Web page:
Dr. Hess Green becomes cursed by a mysterious ancient African artifact and is overwhelmed with a newfound thirst for blood – but he’s not a vampire. Soon after his transformation he enters into a dangerous romance with Ganja Hightower that questions the very nature of love, addiction, sex, and status.
The films of Spike Lee (or should I call them “Joints“?), range through a variety of genres. He’s directed films like Do The Right Thing (2000), Malcolm X (2000), School Daze (2000), Inside Man (2000) & Oldboy (2014). He’s also directed a number of well received documentaries and even a musical, School Daze (2000). But one genre he’s never tackled up until now is the horror genre, and while the title of his latest film, Da Sweet Blood Of Jesus, might not sound like a horror film – it indeed is (albeit one filled with tons of subversive social commentary in it). And like last year’s Oldboy, it’s a remake of a film from director Bill Gunn called Ganja and Hess (1973), which starred the late Duane Jones of Night Of The Living Dead fame.
The film tells the story of Dr. Hess Greene (Stephen Tyler Williams), a recluse who just happens to be a world renowned anthropologist. While working on some artifacts from the fabled Ashanti Empire, he comes across a legendary dagger that is supposedly cursed. He brings it back to his home in the Hamptons for further study, but after having dinner with his suicidal research assistant, Dr. Hightower (Elvis Nolasco), he finds himself under attack from his assistant and is eventually stabbed to death with the cursed dagger. Hightower commits suicide after believing he killed Dr. Green, but Dr. Green isn’t dead. The curse associated with the dagger is indeed true, and Dr. Green finds himself alive and thirsty. Thirsty for blood.
Shortly after his resurrection, Dr. Green gets a call from Hightower’s ex wife, Ganja (Zaraah Abrahams), who unexpectedly shows up. She’s looking for her ex husband, and knows that this is the last place he’s been. Dr. Green sends his manservant, Seneschal (Rami Malek), to pick her up, and she immediately makes herself at home. She also happens to be a first class harridan, a bitch of the highest order. But she finds herself swayed by the good doctor’s aloof attitude and falls in love with him. This despite the fact that she’s discovered her ex husband’s body stored in a freezer kept in Dr. Green’s basement. When confronted with her discovery, Dr. Green convinces her that he can provide her with eternal life, if she’s willing to listen to him. Eventually, he too falls in love with her and after a short wedding ceremony, turns her into the same kind of creature he is.
But what kind of creature is he exactly? Although Gunn’s original film went through a variety of title changes (Blood Couple, Black Vampire & Vampires Of Harlem to name a few) in a failed attempt to make some money, his film wasn’t about vampires at all – it was more of a treatise on assimilation, religious hypocricy & white imperialism. Some called it brilliant, and while I find the original film interesting, it’s hardly worthy of the acclaim heaped upon it by most. In my opinion, it’s a very slow, dialog heavy film overladen with metaphors that leaden its already dreary pace. That being said, it does have its moments, and is worthy of space in your collection for historical purposes if nothing else. The biggest mistake Lee makes with his remake is that he hems way too closely to the source material. In some instances, he recreates entire scenes from the original film, and in doing so adds nothing new to the script (which is credited to both Lee and Gunn). Lee doesn’t add much of a sense of purpose to the proceedings here, he seems content to let the story play itself out very slowly, not demanding too much from its audience. He does add a few flourishes though, especially in an extremely graphic sex scene featuring Abrahams and actress Nate Bova that’ll push a few buttons for sure. Lee also spins the ending of the original just a tad, although he frames the scene exactly the same way. There’s also a odd opening credit sequence featuring dancer Charles “Lil Buck” Riley doing his thing in & around Lee’s beloved Brooklyn nabe that looks wonderful, but is entirely out of place with the film that follows.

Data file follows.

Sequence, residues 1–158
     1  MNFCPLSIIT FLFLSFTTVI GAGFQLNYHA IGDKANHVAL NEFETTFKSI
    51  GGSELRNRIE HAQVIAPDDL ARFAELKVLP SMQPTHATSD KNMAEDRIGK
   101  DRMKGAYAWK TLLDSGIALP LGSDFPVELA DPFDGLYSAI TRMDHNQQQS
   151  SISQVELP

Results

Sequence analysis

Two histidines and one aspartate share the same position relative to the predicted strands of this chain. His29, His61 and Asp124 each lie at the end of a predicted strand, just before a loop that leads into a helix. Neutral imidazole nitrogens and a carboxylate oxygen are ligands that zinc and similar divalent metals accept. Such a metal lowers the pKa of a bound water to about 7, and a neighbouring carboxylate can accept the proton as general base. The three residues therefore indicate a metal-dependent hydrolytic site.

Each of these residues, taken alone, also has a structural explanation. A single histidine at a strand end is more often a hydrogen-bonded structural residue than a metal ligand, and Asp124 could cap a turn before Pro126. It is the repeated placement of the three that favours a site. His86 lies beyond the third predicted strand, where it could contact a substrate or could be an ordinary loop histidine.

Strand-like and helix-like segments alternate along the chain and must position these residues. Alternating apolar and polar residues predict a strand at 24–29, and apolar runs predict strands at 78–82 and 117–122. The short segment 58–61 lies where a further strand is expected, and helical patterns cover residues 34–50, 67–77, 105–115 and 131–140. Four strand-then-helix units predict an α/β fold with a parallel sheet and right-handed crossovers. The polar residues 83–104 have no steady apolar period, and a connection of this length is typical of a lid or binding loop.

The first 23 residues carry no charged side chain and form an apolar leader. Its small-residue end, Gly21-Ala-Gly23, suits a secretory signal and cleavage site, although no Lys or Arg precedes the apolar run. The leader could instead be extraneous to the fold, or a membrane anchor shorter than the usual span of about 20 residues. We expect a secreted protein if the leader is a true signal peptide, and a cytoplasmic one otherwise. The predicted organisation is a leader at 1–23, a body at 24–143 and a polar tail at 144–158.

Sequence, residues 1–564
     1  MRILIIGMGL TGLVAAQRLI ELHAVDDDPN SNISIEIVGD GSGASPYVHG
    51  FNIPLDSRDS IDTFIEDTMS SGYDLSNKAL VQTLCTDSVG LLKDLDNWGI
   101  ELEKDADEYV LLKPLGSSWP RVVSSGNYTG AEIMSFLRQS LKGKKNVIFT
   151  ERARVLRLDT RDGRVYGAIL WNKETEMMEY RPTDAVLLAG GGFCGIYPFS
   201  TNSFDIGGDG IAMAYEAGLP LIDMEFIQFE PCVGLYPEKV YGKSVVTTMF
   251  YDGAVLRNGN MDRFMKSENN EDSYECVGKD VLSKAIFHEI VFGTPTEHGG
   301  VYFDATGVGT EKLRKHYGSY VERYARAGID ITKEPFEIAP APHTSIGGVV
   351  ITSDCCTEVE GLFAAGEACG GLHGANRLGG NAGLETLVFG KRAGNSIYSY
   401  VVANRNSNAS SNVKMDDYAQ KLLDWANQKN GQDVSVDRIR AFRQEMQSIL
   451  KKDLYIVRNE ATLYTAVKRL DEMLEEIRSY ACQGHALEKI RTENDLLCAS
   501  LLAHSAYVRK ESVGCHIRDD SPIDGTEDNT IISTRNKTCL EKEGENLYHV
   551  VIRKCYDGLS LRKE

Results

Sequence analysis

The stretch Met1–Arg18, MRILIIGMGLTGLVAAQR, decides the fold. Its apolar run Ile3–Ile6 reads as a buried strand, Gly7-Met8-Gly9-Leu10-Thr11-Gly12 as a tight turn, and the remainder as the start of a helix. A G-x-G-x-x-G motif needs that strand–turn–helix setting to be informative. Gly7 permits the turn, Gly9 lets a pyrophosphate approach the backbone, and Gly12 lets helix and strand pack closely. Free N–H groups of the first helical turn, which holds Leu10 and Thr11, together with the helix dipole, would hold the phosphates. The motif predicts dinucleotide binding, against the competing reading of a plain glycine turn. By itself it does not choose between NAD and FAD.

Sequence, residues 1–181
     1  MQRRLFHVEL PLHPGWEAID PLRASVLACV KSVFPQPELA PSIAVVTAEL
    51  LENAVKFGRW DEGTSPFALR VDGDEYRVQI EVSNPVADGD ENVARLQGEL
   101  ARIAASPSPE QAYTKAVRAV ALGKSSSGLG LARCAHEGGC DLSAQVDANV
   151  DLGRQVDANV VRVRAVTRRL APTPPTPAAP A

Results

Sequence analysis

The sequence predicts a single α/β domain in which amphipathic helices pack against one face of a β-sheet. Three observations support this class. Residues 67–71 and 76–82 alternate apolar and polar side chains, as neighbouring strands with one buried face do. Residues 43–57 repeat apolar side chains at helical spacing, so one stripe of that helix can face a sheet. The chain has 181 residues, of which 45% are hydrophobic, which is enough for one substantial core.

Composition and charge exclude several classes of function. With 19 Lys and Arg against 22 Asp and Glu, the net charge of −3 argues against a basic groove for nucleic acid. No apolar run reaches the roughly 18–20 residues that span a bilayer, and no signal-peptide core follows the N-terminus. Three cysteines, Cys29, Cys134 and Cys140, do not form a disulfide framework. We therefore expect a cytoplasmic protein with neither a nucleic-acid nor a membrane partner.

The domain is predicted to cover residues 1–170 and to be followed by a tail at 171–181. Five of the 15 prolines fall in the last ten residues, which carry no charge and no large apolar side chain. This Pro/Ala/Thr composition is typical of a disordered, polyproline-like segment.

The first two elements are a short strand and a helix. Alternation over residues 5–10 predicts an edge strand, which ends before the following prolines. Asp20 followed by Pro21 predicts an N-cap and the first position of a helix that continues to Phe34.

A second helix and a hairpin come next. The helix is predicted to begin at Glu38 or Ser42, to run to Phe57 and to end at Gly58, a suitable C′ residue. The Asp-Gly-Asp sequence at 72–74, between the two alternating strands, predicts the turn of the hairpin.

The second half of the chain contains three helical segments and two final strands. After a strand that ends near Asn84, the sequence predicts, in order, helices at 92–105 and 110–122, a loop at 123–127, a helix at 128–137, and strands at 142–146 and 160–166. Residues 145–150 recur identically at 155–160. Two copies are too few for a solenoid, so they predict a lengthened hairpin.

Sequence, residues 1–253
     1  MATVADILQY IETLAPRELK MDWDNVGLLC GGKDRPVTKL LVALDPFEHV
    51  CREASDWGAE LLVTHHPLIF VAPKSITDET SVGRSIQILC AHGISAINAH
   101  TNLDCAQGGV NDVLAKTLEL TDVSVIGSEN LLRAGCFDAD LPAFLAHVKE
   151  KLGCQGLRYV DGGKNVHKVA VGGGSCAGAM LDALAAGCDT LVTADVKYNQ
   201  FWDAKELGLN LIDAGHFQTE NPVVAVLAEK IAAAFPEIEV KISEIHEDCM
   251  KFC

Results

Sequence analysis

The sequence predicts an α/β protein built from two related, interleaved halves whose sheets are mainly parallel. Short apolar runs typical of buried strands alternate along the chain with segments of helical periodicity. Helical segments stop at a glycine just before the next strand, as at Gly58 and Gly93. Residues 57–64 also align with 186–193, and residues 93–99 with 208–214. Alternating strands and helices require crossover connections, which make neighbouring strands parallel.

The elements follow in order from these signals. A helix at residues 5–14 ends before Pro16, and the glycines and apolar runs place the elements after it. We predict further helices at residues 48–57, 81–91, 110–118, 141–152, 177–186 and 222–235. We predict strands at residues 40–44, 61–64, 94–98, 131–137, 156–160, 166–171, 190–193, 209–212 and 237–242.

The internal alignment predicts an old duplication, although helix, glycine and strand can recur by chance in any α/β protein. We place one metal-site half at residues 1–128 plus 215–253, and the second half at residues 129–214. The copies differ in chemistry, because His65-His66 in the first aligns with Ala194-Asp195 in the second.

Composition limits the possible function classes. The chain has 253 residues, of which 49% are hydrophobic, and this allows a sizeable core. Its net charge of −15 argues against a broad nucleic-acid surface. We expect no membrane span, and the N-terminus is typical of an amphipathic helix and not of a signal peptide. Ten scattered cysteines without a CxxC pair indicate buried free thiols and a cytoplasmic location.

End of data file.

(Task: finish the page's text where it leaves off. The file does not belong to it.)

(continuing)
All of the performances are first rate, but Malek really steals every scene he’s in as Seneschal. The cinematography (by Daniel Patterson) takes full advantage of the gorgeous Hamptons beachfront, and gives the entire film a otherworldly vibe. The score (by Bruce Hornsby) feels oddly out of place though and Lee makes the odd choice to feature a multitude of R & B/Rap tunes throughout the film that sometime feel as if they’re overwhelming the film’s already sparse dialog. There’s hardly a moment during which music isn’t played behind a scene and it became a distraction to me after awhile. I suppose the message Lee is trying to get across is that everyone is addicted to something, whether it be cigarettes, sex, drugs or blood – but that’s not an especially novel idea in this day and age. And quite frankly, Gunn did it better 45 years ago. But if you’re a Lee devotee, then you’ll be seeing this film no matter what I say. If you’re unfamiliar with the original film, then Da Sweet Blood Of Jesus merits a viewing. But you might be better off seeking out the original and seeing the great Duane Jones (& Marlene Clark as Ganja), in their heyday.
Da Sweet Blood Of Jesus – 1.5 out of 5 shrouds.
Da Sweet Blood Of Jesus is now available on bluray per Anchor Bay